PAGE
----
A landmark judgement against An Bord Pleanála may be vindication for a Kildare farming family locked in a planning battle for a decade.
Earlier this month, Justice David Barniville found that Cork local activist group CHASE were entitled to challenge An Bord Pleanála’s decision to approve planning for a €160m incinerator in Cork.
The most significant issue he based his decision on was the possibility that objective bias existed, because of a connection between a board member of An Bord Pleanála and Indaver, the company building the facility.
Cleary Compost & Shredding Ltd (CCS) is run by Pat, Gavin and Darragh Cleary at Larch Hill, Kildare.
They turn green waste (foliage, Christmas trees, vegetation and grass cuttings) into agricultural fertiliser through a process of shredding and ensiling.
The Clearys in 2013? applied for an extension to their licence, to increase the tonnage allowed annually from 10,000t to 22,500t.
Pat Cleary believes that An Bord Pleanála should, as a matter of urgency, review this case as clear parallels exist with the Cork judgement. Mr Cleary says Mr Conall Boland signed the order denying the Clearys an oral hearing with An Bord Pleanála to present the case for their application. Mr Boland also signed the order on behalf of An Bord Pleanála dismissing the planning application.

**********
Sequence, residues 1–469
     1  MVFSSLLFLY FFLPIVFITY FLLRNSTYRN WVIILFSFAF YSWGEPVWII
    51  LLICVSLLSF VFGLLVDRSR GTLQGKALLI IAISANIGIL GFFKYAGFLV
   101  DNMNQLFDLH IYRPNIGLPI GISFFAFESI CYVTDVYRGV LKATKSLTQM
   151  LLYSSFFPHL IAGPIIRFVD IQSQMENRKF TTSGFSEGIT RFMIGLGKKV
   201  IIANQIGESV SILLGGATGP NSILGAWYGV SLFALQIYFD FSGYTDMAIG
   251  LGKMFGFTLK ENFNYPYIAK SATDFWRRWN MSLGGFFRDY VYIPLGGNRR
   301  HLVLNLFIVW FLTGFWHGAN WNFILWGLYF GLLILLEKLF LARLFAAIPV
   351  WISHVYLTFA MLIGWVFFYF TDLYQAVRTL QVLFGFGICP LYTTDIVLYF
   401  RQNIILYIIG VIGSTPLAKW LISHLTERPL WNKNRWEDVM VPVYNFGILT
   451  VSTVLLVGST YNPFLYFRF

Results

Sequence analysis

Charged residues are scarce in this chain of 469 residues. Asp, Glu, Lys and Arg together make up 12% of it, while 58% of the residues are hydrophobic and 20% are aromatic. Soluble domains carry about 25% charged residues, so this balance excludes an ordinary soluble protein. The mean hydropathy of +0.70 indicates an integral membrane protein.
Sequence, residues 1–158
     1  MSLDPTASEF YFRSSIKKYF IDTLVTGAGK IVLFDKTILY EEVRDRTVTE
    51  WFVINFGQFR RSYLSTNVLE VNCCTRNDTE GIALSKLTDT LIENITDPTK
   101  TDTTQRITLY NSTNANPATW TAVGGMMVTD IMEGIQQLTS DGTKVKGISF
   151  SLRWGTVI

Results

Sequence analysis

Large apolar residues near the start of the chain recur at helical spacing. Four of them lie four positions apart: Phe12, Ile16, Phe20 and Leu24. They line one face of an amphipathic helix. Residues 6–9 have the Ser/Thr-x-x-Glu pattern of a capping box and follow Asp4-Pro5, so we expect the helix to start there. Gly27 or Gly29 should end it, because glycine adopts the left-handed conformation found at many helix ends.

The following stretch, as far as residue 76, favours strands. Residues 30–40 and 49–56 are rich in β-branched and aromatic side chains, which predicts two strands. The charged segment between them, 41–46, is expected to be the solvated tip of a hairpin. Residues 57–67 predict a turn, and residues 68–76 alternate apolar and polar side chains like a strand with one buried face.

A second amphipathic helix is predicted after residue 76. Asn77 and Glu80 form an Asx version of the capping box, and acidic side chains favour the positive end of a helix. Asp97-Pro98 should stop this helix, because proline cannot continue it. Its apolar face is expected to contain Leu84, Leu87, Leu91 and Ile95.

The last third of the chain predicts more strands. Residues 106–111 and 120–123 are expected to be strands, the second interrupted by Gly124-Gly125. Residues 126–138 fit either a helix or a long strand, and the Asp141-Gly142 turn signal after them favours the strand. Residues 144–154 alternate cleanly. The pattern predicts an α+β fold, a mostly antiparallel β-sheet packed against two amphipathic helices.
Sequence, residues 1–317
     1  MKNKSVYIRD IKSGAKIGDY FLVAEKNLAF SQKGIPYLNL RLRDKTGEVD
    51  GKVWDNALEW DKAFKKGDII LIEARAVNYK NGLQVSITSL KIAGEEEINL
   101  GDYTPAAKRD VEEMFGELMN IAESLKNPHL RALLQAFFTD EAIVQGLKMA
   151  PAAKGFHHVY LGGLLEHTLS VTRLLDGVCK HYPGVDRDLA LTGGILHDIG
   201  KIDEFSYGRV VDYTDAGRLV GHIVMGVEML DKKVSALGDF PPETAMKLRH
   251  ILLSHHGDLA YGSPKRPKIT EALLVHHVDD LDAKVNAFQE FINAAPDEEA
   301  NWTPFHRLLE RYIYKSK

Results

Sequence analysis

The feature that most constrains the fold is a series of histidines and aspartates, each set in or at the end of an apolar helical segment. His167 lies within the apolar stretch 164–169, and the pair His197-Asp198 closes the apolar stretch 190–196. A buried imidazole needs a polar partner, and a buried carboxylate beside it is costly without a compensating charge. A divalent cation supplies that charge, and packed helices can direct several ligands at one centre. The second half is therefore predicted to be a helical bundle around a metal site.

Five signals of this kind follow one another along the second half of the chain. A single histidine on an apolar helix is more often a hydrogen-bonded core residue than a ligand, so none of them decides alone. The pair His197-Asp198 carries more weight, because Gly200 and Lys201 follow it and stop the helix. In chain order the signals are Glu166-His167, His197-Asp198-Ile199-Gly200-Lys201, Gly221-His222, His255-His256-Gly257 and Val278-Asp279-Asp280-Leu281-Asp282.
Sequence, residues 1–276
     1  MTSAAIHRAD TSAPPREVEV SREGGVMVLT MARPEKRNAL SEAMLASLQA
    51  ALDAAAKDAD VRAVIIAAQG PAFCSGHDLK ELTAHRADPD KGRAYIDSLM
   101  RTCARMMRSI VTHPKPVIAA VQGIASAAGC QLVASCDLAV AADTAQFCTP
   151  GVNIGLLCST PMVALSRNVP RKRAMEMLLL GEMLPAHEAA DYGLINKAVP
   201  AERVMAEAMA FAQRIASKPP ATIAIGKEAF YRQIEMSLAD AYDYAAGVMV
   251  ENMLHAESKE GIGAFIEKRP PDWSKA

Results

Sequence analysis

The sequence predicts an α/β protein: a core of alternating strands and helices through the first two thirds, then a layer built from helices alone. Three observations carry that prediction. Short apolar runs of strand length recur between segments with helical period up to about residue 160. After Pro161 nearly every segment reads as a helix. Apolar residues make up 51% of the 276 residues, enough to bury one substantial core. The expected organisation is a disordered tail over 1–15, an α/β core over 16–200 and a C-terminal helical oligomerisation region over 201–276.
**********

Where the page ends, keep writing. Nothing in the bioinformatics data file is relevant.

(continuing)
Pat Cleary, in a letter written to An Bord Pleanála in 2018, holds that Mr Boland’s previous association with the Composting and Anaerobic Digestion Association of Ireland (Cre), which represents composters, should have seen him exclude himself from involvement in the Clearys’ planning application, as a possible objective bias existed.
The Clearys pursued the matter in a High Court review, which ruled the issue of objective bias inadmissible and was restricted to examining points of law. An application for the case to be heard in the Supreme Court was subsequently declined.
The Cork judgment mad?e clear that no assertion of actual bias was made, merely the existence of objective bias, something akin to conflict of interest.
Justice Barniville stated in his judgement “a reasonable objective observer would have a reasonable apprehension the board might not be capable of considering and determining Indaver’s 2016 planning application in an unbiased and impartial manner”.
Mr Boland was the member of An Bord Pleanála found to have an objective bias in the Indaver case.